Rainfall Manipulation Experiment at SMER


We are in the 4th year of an NSF-funded rainfall manipulation experiment at Santa Margarita Ecological Reserve, part of SDSU’s Field Station Program. The experiment is investigation the interactive effects of plant functional type (native shrubs vs. exotic annual species) and altered rainfall. This is a collaboration with Dr. Elsa Cleland at UCSD. Our lab is focusing on belowground responses. Exotic annuals, such as the invasive grass, Bromus madritensis, and invasive forbs like Centaurea melitensis and Brassica nigra, are increasing the vulnerability of soil N and C pools to loss during large rain events.


Sherly measures soil water with the TDR probe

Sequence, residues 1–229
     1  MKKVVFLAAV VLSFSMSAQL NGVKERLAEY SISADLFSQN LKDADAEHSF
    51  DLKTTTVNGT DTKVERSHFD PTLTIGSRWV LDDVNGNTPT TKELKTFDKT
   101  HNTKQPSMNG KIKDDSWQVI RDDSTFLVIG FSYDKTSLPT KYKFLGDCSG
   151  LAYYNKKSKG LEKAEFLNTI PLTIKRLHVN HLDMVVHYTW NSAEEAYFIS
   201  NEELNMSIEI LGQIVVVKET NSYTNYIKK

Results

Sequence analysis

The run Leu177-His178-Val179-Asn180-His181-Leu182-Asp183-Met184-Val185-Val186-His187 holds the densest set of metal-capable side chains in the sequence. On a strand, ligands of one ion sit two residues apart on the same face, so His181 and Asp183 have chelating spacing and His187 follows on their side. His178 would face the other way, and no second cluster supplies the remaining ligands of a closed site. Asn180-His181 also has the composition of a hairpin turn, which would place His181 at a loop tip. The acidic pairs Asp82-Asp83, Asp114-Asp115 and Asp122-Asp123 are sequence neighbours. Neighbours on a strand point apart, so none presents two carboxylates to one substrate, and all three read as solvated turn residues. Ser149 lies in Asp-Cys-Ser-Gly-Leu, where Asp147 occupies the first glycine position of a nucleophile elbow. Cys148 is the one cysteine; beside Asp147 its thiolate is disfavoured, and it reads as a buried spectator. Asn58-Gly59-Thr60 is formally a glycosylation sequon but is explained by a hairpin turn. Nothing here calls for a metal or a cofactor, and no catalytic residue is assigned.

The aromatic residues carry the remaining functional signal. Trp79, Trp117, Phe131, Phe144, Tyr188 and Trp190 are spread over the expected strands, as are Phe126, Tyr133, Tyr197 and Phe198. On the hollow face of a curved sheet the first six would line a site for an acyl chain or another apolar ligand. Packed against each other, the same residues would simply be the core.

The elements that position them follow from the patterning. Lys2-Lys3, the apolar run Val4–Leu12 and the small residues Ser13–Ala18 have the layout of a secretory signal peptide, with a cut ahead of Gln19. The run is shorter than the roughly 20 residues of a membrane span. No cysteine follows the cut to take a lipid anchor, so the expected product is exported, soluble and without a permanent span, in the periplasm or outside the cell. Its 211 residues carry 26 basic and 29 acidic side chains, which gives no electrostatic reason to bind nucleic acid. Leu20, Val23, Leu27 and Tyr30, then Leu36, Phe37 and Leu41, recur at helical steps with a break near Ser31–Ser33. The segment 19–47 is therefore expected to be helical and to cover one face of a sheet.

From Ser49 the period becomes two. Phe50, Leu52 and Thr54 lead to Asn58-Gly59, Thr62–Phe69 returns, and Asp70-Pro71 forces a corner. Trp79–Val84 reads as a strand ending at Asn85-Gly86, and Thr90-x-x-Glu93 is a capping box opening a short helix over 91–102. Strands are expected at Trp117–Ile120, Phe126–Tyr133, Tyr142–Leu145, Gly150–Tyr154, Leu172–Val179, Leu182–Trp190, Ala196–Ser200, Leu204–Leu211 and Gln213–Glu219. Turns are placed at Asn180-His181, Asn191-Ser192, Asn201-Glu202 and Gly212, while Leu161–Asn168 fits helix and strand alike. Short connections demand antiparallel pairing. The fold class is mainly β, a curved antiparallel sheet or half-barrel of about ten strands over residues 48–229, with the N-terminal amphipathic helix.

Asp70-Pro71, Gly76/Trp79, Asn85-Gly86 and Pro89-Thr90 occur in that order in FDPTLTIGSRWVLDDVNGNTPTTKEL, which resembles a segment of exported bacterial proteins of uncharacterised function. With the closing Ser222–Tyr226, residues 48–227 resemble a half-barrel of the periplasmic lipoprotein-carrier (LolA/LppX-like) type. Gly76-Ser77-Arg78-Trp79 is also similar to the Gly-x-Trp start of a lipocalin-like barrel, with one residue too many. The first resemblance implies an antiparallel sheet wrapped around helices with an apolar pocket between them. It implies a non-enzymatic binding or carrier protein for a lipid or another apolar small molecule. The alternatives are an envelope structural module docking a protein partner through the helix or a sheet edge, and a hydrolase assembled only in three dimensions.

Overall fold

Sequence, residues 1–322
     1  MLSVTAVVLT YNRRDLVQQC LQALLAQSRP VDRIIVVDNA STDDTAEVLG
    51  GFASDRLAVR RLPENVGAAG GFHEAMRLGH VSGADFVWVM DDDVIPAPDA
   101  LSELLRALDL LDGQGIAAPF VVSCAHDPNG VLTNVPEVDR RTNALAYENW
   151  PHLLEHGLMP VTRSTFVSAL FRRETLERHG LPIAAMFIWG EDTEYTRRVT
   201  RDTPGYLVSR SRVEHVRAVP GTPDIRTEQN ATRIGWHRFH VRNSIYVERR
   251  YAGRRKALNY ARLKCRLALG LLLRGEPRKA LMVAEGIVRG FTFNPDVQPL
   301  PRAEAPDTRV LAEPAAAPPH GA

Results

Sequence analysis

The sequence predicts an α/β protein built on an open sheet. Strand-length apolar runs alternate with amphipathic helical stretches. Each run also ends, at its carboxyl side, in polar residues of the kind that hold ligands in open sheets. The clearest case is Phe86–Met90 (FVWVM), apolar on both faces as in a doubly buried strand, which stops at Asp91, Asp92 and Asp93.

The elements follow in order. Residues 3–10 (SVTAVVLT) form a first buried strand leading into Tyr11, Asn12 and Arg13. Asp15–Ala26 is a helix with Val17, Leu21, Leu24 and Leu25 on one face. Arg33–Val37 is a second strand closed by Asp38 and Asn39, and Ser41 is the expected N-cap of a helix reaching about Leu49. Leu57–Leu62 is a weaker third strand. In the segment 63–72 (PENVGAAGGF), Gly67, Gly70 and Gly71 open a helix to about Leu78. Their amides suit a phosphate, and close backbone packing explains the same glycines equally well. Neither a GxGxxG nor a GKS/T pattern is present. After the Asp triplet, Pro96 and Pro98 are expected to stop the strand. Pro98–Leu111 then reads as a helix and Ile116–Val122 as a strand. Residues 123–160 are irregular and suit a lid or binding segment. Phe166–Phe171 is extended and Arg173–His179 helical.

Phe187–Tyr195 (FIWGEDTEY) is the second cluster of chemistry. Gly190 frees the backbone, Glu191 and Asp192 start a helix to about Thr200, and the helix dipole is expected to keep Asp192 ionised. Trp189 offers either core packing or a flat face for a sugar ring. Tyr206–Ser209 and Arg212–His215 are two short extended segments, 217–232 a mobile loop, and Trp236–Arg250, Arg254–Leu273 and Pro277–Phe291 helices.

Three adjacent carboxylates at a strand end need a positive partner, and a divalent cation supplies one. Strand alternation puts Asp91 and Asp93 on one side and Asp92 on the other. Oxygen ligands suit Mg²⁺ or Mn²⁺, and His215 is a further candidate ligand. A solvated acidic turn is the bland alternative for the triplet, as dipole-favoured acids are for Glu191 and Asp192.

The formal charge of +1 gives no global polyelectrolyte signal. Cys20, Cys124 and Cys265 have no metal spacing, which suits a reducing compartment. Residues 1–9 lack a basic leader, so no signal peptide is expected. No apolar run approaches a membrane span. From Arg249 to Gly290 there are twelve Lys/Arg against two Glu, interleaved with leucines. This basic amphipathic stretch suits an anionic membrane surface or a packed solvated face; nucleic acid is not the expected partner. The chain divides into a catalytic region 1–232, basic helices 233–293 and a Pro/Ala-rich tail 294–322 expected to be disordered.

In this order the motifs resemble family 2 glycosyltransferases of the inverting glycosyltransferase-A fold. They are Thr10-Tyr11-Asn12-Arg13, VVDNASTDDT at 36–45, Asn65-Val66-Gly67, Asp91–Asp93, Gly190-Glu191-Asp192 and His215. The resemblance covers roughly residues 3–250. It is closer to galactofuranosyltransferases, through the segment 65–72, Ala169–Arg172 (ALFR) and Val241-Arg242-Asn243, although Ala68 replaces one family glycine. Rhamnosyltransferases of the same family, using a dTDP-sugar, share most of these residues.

Melanie measures soil respiration


Ellen Esch (Ph.D. at student at UCSD) helps Saad Al Jaber (SDSU undergraduate) measure stem water potential.


Sean Doyle, REU student (who mainly worked on Ecosystem Modeling) gets out in the field


Undergraduate researcher, John Bruner, collected leaves from rainfall manipulations plots…


…then John purified cellulose form the leaves for stable isotope 18O analysis


Saad Al Jaber and Kevin Huong, undergraduate researchers, helped out in the field and lab.


Undergraduate, Carldee Soriano, mainly worked in the lab on soil enzyme assays, but we also used him for hard manual labor in the field


The Plant Ecophysiology class visits the rainfall experiment


The Plant Ecology class visits the rainfall experiment

We’ve recruited numerous undergraduate students from classes such as Microbial Ecology, Plant Ecophysiology, and Plant Ecology for independent research projects related to this experiment.


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